This year the Tap Project went nationwide, including Telluride.
“The tap project brings to Telluride an incredibly simple concept to encourage restaurant patrons to help bring clean and safe water to the children of the world,” said Molly Wickwire-Sante. “As a Tap Project volunteer, I am glad that so many restaurants agree it is our duty to use water to reduce child mortality.”
Last year, over 300 restaurants and thousands of customers in New York raised more than $100,000 to provide 4 million children with safe and clean water. The Tap Project is the first of its kind – a national grassroots effort offering individuals and restaurants across the nation a simple and effective way to make a difference in a child’s life.
More than 1 billion people do not have access to clean water or adequate sanitation – one in five of them are children. Eighty percent of all illness and infant mortality is due to waterborne disease, and lack of clean water is the second largest killer of children under 5.
UNICEF works in more than 90 countries around the world to improve access to safe water and sanitation facilities in schools and communities and to promote safe hygiene practices. Over the past 15 years, more than a billion people gained access to improved dinking water and sanitation facilities. UNICEF’s goal is to reduce by half the proportion of people without sustainable access to safe water and basic sanitation by 2015.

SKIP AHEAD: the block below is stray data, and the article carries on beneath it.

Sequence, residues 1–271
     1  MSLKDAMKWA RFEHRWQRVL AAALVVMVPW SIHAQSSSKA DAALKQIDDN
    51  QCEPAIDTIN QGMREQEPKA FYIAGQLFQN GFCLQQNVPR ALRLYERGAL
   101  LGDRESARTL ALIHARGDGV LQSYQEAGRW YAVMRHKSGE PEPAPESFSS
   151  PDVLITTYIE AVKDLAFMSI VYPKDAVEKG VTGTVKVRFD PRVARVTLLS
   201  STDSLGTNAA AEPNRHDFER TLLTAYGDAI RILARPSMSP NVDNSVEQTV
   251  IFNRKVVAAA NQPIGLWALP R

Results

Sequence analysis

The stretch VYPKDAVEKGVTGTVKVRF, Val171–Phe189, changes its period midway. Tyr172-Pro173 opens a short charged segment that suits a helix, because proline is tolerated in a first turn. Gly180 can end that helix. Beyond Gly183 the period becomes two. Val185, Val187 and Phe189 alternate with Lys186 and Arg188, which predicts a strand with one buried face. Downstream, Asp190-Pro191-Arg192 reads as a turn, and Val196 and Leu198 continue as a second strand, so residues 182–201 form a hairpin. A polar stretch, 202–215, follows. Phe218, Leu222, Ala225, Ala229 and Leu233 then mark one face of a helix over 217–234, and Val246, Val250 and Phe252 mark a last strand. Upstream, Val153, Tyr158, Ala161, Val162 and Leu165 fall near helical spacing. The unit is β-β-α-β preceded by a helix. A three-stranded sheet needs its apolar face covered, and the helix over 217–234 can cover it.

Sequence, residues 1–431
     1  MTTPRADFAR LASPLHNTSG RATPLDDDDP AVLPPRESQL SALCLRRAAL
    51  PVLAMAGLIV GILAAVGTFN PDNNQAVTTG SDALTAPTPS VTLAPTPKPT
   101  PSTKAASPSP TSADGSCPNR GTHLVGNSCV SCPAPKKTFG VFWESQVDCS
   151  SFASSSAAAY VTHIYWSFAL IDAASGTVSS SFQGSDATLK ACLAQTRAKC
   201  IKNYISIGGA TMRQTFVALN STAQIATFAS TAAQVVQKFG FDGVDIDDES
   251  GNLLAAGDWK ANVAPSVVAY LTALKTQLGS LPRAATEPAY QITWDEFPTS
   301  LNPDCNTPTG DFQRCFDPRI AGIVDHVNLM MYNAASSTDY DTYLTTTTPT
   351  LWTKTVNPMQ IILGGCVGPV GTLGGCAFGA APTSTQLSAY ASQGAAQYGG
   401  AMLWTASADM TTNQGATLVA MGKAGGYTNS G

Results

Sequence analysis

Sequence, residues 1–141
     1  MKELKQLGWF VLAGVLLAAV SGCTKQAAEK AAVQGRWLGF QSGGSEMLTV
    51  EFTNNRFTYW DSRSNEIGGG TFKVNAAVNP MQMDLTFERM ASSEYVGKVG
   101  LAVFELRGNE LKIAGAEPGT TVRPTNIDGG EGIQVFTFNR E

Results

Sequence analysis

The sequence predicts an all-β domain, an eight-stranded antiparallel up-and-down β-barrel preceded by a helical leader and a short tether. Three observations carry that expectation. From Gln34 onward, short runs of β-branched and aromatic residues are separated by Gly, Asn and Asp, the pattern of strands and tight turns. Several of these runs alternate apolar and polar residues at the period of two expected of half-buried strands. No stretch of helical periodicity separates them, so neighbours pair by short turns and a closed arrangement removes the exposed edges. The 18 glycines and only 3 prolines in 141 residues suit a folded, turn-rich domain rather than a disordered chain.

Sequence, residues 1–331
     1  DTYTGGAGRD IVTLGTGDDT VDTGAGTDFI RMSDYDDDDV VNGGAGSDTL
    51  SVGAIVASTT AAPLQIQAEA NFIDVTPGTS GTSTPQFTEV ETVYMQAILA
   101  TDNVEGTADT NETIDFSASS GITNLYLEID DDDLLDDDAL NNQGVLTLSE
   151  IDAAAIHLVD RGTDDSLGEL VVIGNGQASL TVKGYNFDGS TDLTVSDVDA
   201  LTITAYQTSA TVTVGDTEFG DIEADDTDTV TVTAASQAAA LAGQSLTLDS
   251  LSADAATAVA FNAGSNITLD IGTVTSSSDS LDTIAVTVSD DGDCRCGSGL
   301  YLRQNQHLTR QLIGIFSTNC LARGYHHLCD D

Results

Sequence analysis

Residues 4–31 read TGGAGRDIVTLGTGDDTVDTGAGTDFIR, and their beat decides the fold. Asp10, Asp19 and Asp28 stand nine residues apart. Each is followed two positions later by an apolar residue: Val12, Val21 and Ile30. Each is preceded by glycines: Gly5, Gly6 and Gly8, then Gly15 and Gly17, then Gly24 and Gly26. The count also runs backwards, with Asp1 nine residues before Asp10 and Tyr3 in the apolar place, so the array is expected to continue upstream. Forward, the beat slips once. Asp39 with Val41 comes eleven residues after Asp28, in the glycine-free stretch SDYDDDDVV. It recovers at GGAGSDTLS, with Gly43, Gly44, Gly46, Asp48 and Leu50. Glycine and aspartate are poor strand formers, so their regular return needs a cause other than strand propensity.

A little goes a long way. For example, with $1 UNICEF can provide 40 liters of safe drinking water, which is enough to give one child safe water for 40 days, or 40 children safe water for one day.
And you can help. Simply dine out in Telluride at The Cosmopolitan, 221 South Oak or The New Sheridan Chop House on World Water Day, Saturday, March 22 and donate just $1 for the clean drinking water you otherwise get for free.
For more information on UNICEF’s water program, visit tapproject.org.